MyBeam Spatial Interactive Telepresence to be Showcased at Mobile World Congress
San Diego, February 18, 2014 -- The University of California, San Diego and Comhear, Inc., a transformational, audio technology and wearables company, today announced that they are collaborating on the latest in audio conferencing technology. Comhear has prototyped the first in a series of revolutionary new products designed to let users customize their listening environment, based on an exclusive license for audio beamforming technology developed by researchers in the Qualcomm Institute, the UC San Diego division of the California Institute for Telecommunications and Information Technology (Calit2).
Qualcomm Institute Sonic Arts R&D Research Director Peter Otto demonstrates the audio beamforming technology on which Comhear's new audio conferencing products will be based.
The new MyBeam Spatial Interactive Telepresence will debut February 24-27 at Mobile World Congress 2014 in Barcelona, Spain.
“The work being done at UC San Diego under the leadership of Research Director Peter Otto is truly astounding, and we believe this agreement has the potential to generate a variety of new beamforming-based products and services for years to come,” said Comhear founder and CEO Randy Granovetter. “There is nothing like MyBeam on the market today, and with this collaboration between Comhear and UCSD, we intend to create consumer and enterprise products and services for audio beamforming.”
In early February, Comhear and UC San Diego signed a three-year sponsored research contract for work to be carried out in the Sonic Arts R&D group of the Qualcomm Institute. The research will build on the original Sonic Arts R&D work on small-format audio beamforming licensed by Comhear. The parties have also signed a license agreement providing Comhear with the right to commercially exploit the patented technologies.
The MyBeam device links to a user’s laptop, tablet or smartphone, allowing the user to reshape the incoming audio. Participants in a teleconference or webconference can control the acoustic position of other participants relative to where the user is located. Instead of all voices on a conference call seeming to come from a single point in space, beamforming allows the user to make each voice appear to come from a different location. So if you’re in New York and you’re conferencing with research collaborators in Tokyo and Amsterdam, you can make the Tokyo audio come from the west, and the Amsterdam caller from the east. The system also allows the user to move participants closer or farther away – providing control over the audio ‘mix’ of the conference call.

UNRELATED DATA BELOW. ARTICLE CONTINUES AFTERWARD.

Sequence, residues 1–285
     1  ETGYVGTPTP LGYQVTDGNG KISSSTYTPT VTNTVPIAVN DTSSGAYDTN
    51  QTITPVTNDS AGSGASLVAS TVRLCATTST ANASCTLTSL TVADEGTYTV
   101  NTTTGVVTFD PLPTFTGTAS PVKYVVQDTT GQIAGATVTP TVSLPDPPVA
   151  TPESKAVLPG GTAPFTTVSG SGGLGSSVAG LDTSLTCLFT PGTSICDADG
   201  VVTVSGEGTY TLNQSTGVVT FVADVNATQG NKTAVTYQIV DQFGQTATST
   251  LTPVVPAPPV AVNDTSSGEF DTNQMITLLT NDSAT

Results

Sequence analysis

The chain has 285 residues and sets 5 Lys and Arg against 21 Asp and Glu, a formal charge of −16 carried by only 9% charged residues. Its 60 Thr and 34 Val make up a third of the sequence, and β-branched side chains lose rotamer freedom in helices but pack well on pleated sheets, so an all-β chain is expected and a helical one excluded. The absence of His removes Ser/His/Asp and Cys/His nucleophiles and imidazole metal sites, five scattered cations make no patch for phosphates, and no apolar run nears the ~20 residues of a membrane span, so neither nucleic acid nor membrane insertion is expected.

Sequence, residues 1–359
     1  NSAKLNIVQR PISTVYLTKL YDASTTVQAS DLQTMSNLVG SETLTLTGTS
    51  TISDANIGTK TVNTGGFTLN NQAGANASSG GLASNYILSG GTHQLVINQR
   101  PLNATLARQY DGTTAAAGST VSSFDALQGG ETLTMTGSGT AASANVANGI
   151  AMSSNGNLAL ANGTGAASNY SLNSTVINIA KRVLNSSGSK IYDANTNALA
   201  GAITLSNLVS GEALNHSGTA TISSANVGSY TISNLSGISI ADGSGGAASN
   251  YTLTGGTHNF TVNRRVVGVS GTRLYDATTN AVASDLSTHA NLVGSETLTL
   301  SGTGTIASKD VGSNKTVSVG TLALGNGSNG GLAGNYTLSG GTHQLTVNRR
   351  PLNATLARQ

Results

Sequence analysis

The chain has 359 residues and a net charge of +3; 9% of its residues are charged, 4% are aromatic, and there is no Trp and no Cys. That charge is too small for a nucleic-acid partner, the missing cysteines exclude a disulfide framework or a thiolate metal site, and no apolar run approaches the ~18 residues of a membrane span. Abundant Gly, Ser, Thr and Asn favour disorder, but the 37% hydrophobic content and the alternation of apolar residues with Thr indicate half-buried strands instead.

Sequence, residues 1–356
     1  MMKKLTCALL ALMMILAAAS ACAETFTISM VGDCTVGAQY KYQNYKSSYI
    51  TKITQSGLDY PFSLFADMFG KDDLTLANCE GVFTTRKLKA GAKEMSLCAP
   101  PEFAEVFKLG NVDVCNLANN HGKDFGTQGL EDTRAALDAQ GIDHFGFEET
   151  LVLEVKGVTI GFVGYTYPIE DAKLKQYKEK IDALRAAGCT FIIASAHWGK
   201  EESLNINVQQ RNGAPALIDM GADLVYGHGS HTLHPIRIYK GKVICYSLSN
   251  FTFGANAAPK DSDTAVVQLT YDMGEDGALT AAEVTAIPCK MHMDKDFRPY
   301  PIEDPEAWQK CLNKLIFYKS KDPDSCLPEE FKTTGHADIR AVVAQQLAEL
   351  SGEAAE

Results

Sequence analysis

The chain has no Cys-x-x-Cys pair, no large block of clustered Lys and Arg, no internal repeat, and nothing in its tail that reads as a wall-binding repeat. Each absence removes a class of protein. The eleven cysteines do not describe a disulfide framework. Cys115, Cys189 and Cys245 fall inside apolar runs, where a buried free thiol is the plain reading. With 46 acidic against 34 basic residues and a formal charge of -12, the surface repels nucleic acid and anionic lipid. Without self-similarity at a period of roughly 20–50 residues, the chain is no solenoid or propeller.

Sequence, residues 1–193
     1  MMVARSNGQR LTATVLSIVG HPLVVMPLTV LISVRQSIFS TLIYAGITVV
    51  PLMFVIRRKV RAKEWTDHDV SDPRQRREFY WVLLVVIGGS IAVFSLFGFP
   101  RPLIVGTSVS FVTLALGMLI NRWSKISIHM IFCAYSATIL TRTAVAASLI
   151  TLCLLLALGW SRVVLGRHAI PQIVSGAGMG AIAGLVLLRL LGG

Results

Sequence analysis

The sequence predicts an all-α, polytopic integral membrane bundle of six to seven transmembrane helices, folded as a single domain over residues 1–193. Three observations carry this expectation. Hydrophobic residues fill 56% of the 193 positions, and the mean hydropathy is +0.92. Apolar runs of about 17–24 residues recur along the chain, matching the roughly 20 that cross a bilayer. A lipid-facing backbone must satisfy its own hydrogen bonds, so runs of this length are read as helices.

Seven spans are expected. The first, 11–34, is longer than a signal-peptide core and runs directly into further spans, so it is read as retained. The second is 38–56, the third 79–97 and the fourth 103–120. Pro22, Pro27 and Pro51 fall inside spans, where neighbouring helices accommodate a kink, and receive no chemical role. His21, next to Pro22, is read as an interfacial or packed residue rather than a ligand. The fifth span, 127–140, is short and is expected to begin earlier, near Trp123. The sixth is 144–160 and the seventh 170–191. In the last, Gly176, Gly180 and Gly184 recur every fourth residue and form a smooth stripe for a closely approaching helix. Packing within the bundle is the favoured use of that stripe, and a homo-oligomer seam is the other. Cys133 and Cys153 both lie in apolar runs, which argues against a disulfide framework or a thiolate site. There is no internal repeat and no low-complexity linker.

Logo of Comhear, Inc.
“If I’m on a call with a non-English speaker, I may want to bring that audio feed closer to me, so I can listen more clearly,” said Otto, who is also a director and faculty member of UC San Diego’s renowned Department of Music, a leader in the field of music and audio technology. “With MyBeam, if someone on a conference call is typing in the background, I can isolate that audio feed and push it away, so it doesn’t impinge on hearing what’s being said by others on the call. All in all, the technology offers a huge and easily perceived advantage for many applications in audio communications and music.”
“Our technology allows us to provide private listening areas in a public space, and this includes spatializing source audio for a single user to create a virtual surround-sound effect,” said Otto. “We can target discrete audio beams to a primary user’s left and right ears, while everyone else in the vicinity would hear a different audio track that masks this privacy feature.”
MyBeam Spatial Interactive Telepresence shows significant improvement in the teleconference or webconferencing experience, enabling a new level of clarity and intelligibility for significantly better comprehension and meeting efficiency. A prototype for the device will be demonstrated at the Mobile World Congress in Barcelona. WowWee, a UC San Diego technology licensee of robotics, will be a distributor of Comhear’s MyBeam product line and services.
About Sonic Arts R&D at UCSD
The Sonic Arts R&D group in Calit2’s Qualcomm Institute at UC San Diego provides applied research and development services to major industry and government sponsors in need of cutting-edge digital audio solutions. On a selective basis, the group is also available to venture-funded enterprises seeking to introduce disruptive technologies in the digital audio space. Sonic Arts R&D’s mission is to create high-impact solutions that can be deployed in the market or in the field within a short-to-medium timeframe. The group’s sponsors and affiliates include institutions of national and international prominence, including Meyer Sound Labs, Qualcomm, Inc., Skywalker Sound (a Lucasfilm company), NASA, Disney, Pacific Interface, Inc., NTT, Motorola Mobility, Kyocera, and King Abdullah University of Science and Technology. http://sonicarts.calit2.net.
About Comhear, Inc.
Founded in 2013 by the former founder and CEO of Jabra, Randy Granovetter, Comhear, Inc. is a transformational audio technology company. It creates products and solutions that really revolutionize the listening experience in three ways: wearables, software, and amazing sound beaming technology. Its new wearables category is defined as “In the Service of Sound” and the company produces “Audio that Feels Good, Sounds Great, and is Good for You!” The company’s product lines include the EarPuff technology based on proprietary patented BioFoam™, Kinetic Audio Processing (KAP) technology which is a perfect complement to EarPuff, and its Playbutton line of products. For more information, visit http://www.comhear.com and http://www.playbutton.com.